International Coffee Day!
A cup of jo, morning fuel, java, brew, jet fuel, wakey juice or caffeine injection – the many ways we call coffee! Guys, did you know there was such thing as international coffee day???? How did I not know about this???? To drill down a little, there are both national and international days for this beverage of choice. For Canada (as I am based in Toronto) our national day is TODAY September 29, whereas the International coffee day is October 1 (the day before my BIRTHDAY woohoo). So in honour of this amazing drink, of which I am currently having one myself, I thought I would share some facts on coffee AND to continue the definition trend from my last post, what the heck is the difference between all those fancy drinks that one can get at every specialty coffee shop popping up out of no where!
Fun Java Facts!
- The world consumes nearly 2.25 billion cups of coffee. . . each day!
- Coffee beans are in fact not beans at all – they’re fruit pits!
- Drinking coffee improves blood flow – another great reason to enjoy 🙂
- New Yorkers drink almost 7x more coffee than other US cities !
- The word “coffee” comes from the Arabic word for “wine of the bean” . . . fancy pants 😛
- On a per capital basis, The Netherlands is the largest consumer of coffee at 2.4 cups per person a day!
- The name cappuccino comes from its resemblance to the clothing color of the capuchin monks!
- Hamburg, Germany has banned coffee pods in Government buildings as they produce too much waste – way to go Deutschland!
- Coffee has been known to reverse liver damage caused by alcohol!
- In the Ottoman Empire drinking coffee was punishable by death :S
Some of those facts are really out there, but I figured “what the heck” and was in the spirit to share them haha – plus if you know me I LOVE LOVE LOVE my coffee, actually I have been know to a a little bit of a coffee snob (or connoisseur works too :P).
Okay – now that we are in full swing of International Coffee Day – have you ever struggled or wondered what is the difference between cappuccino, latte, americano, macciato or cafe au lait? Let me clear this up for you – Dad I hope you’re reading, this will finally be an online resource that you can bookmark heheh![spacer height=”20px”]
Let’s first clear up Espresso (be careful its not Ex-Press-Oh but Ess-Press-o) –> Espresso is coffee brewed by forcing a small amount of near boiling water through ground beans. The beans are normally roasted darker than the average pot of coffee but in truth theres no crazy difference than regular beans that you would use for drip coffee. It is simply marked “espresso” as the roaster thinks by using it in this way the flavour profile of the bean will shine – its also likely ground really fine for the espresso machine 🙂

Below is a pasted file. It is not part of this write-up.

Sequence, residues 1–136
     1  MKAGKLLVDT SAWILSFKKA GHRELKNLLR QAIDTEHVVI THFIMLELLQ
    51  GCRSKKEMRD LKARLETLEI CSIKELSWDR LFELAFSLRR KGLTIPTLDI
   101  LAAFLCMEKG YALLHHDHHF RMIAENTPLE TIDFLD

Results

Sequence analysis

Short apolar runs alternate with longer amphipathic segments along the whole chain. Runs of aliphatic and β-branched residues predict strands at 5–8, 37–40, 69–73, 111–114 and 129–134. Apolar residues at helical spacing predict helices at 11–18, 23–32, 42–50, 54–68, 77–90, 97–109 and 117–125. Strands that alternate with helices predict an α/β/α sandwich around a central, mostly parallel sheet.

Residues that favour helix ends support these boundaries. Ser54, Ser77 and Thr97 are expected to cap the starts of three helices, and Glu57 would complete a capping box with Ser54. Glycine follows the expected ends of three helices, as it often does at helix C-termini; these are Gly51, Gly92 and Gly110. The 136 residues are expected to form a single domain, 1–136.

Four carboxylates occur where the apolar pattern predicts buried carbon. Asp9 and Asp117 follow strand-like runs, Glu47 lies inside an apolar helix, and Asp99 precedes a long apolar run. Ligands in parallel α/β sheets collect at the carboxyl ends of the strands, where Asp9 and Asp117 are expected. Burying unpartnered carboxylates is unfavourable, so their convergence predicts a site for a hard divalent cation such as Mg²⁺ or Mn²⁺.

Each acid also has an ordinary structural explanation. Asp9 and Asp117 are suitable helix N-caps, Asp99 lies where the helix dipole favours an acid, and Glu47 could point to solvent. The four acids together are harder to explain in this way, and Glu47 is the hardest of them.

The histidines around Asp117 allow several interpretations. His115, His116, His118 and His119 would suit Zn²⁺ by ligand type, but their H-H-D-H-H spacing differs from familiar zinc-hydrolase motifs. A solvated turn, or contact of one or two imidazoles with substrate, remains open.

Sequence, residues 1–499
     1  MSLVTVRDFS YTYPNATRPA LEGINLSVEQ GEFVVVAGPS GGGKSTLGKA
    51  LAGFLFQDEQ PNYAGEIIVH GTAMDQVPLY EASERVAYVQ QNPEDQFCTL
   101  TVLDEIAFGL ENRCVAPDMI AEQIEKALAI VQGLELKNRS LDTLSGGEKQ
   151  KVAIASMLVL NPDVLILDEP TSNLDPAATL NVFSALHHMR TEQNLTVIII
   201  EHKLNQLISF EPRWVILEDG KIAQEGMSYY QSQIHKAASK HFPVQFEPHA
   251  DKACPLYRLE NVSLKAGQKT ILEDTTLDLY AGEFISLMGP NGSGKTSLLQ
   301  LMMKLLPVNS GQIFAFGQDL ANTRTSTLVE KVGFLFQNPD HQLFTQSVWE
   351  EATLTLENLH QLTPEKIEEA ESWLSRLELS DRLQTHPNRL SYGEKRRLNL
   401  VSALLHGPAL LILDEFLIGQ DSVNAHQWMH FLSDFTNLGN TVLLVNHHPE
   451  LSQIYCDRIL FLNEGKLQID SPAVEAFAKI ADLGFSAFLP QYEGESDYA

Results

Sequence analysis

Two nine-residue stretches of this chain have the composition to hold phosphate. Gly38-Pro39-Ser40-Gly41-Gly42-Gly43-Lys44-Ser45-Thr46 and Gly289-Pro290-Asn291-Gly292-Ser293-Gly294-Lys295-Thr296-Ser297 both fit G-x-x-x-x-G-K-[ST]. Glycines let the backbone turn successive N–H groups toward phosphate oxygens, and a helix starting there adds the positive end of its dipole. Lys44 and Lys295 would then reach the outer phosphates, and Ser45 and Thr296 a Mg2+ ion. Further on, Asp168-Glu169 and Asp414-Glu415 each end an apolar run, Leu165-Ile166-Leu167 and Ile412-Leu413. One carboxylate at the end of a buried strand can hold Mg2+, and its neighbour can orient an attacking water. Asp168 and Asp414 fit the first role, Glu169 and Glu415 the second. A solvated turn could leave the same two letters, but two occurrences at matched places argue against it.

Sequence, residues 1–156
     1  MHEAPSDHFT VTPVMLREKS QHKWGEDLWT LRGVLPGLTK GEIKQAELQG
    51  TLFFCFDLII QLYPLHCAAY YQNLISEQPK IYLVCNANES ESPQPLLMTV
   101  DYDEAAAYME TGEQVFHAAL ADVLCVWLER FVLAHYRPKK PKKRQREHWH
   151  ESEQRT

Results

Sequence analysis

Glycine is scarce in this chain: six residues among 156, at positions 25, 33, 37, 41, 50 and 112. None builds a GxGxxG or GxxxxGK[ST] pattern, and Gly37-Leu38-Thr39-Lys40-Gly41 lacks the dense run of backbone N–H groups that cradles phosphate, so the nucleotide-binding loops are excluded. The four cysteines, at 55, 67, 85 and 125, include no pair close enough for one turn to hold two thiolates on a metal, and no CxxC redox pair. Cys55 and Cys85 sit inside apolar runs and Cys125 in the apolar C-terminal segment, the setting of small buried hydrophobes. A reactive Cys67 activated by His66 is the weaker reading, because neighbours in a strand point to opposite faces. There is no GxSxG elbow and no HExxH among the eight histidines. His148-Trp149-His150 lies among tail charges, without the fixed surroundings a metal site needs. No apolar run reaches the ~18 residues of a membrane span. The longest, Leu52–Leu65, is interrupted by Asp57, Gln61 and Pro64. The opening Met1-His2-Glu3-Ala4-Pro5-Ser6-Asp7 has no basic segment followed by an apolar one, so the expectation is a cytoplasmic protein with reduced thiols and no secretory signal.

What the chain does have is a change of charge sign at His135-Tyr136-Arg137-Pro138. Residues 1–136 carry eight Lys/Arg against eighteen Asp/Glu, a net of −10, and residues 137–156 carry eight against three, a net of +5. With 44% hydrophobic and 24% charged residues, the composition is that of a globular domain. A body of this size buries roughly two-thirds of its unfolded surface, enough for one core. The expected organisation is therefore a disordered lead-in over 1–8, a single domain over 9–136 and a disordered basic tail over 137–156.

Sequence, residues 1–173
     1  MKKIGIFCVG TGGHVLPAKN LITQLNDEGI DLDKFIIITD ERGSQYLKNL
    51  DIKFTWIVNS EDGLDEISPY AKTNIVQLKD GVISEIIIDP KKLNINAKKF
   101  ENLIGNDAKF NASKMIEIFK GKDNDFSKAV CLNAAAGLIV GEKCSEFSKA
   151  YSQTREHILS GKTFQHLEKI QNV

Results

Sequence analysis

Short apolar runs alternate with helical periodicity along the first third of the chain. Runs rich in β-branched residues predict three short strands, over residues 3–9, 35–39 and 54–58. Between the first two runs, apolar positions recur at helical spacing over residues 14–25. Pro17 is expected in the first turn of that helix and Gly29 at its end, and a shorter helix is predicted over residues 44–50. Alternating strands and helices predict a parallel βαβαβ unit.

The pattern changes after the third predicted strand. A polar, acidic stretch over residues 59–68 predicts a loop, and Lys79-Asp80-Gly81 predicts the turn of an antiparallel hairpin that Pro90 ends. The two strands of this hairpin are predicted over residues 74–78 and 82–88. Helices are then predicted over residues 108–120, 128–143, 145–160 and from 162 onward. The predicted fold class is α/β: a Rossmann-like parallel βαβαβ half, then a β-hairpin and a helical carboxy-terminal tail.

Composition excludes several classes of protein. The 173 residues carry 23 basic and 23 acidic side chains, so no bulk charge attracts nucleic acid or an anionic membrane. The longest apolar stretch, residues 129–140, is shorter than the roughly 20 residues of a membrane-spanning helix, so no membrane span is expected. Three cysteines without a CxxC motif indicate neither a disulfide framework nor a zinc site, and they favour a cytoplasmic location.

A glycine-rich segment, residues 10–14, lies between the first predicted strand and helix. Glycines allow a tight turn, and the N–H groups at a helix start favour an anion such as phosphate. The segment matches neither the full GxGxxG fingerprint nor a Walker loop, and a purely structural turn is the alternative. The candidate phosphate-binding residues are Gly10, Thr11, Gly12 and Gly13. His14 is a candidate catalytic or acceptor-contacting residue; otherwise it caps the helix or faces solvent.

Cappuccino –> Cappuccino, if we are getting technical and down to the ratios should be 1 part espresso, 1 part steamed milk, and 1 part milk foam. . . its as simple as that! Of course, when you’re actually making one you want to make sure that foam is exquisite! If we really want to get in the weeds on this, I will say that when I, myself was a barista I always liked to let my foam rest for awhile to get it nice and dense and only THEN would I gently fold the foam and steamed milk together before adding to my rich espresso. The reason I did this was I hated having cappuccinos that the milk foam was this GLOB sitting on top. I like the proportions to be kept properly but a nice mélange of velvet foam and steamed milk makes it more enjoyable :)[spacer height=”20px”]
Latté –> Simply speaking, a latté (Italian word for milk) is espresso, steamed milk and only a little bit of foam – in ratio lingo lets say 1 part espresso to 5 parts milk, and a dollop of foam on the top. Nothing more, nothing less. After the proper proportions that is when you would get into all the fancy flavours but that is for another day ;)[spacer height=”20px”]
Americano –> This drink is espresso which is then diluted with hot water. It is thought to have come about when Americans were abroad in WW2 and couldn’t take the short, strong, shots of espresso as they were use to their filtered coffee from home.[spacer height=”20px”]
Macchiato –> This term literally means marked in Italian, so it kinda depends on what is combined with he word, latté macchiato, espresso macchiato . . . if it is latté macchiato then it is the order in which the drink is made. Normally for a latté it goes – espresso, steamed milk and then foam, with latté macchiato it goes steamed milk, foam and then espresso in order to leave a little coffee mark on the milk 🙂 With espresso, normally it is by itself but espresso macchiato has a tiny touch of milk foam on the top to mark it :)[spacer height=”20px”]
Last but not least is a term coming from France Café au Lait –> This one can get a little confusing, it literally means coffee with milk, I have seen this made with both espresso and hot milk or with strong french pressed coffee and hot milk. For this drink however, one small difference is that there is not normally milk foam on the top :)[spacer height=”20px”]
Phew – did some of those clear up for what you might want to drink on International Coffee Day or perhaps today (in Canada) for National Coffee Day?
Do you have other coffee related questions? I would love to chat about it 🙂 Leave me a comment below or reach out on social media! I am going to get back to my café au lait, take care!
OXOX Happy Caffeinating!